Press "Enter" to skip to content

Meet nine scientists taking charge—feeding the world, leading academies, and inspiring social reform

In 1939, Elsie Kokes graduated at the top of her class at Catholic University of America, but she struggled to find steady employment as a chemist—because she was a woman. Today, her great-niece, anthropologist Christina Warinner, has developed groundbreaking techniques for studying ancient DNA, teaches at Harvard University, and leads a research group at the Max Planck Institute for the Science of Human History. Today Warinner (bottom right), says she “owes a debt of gratitude to the women who struggled before me, who blazed the trails that I now follow. I am proud to be able to fulfill the dreams they were denied.” Science interviewed Warinner and eight other trailblazers who show that scientists, no matter their differences, are all ultimately “people working together on a problem.”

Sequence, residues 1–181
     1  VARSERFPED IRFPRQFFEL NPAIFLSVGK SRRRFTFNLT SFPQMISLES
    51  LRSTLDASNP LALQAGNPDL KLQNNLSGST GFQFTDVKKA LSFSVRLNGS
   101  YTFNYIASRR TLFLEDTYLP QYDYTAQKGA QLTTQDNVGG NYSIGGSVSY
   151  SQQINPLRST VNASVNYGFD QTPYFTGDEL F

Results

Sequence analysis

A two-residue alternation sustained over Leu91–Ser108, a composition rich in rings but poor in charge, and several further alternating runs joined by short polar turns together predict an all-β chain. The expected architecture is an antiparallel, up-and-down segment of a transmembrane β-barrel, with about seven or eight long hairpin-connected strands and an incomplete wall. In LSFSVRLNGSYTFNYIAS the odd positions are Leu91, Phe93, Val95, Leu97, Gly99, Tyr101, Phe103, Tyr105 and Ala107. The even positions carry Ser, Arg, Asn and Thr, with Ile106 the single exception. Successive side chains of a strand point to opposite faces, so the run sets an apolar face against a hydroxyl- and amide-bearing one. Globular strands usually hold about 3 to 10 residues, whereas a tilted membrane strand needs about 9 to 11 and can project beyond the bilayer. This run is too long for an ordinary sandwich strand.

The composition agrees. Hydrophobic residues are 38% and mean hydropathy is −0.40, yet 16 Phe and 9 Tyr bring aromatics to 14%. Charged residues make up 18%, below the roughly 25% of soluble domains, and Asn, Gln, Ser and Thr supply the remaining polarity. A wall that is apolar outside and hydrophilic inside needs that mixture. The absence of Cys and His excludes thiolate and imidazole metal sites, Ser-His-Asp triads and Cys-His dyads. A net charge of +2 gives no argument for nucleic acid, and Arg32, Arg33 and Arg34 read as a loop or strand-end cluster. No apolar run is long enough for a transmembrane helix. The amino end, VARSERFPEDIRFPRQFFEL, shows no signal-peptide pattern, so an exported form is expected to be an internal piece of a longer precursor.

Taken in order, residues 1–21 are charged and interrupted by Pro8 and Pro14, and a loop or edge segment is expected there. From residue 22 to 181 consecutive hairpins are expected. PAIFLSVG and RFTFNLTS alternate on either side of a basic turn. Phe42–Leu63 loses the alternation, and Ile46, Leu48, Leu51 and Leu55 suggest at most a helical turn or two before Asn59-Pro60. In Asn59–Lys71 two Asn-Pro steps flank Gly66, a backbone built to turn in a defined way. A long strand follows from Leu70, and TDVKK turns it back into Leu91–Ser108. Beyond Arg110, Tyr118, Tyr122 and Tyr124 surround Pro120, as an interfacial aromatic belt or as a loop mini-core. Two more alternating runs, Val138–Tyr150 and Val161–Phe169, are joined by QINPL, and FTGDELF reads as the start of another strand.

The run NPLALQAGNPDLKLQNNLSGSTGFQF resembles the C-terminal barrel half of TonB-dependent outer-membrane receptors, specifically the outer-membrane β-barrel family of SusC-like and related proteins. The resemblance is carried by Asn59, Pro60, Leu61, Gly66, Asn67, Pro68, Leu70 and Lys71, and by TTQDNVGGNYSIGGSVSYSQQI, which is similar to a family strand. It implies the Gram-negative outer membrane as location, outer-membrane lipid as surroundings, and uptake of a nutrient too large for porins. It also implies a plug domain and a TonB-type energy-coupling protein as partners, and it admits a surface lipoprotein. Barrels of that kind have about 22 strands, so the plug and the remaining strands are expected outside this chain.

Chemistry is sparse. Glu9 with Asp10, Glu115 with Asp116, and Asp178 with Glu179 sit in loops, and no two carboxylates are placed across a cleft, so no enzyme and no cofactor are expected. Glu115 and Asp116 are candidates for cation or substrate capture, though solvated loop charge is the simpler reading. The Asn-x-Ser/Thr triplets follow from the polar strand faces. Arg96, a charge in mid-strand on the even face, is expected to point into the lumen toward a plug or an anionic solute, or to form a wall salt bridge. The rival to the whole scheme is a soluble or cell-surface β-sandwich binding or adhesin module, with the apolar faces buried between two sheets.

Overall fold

Source: Science Mag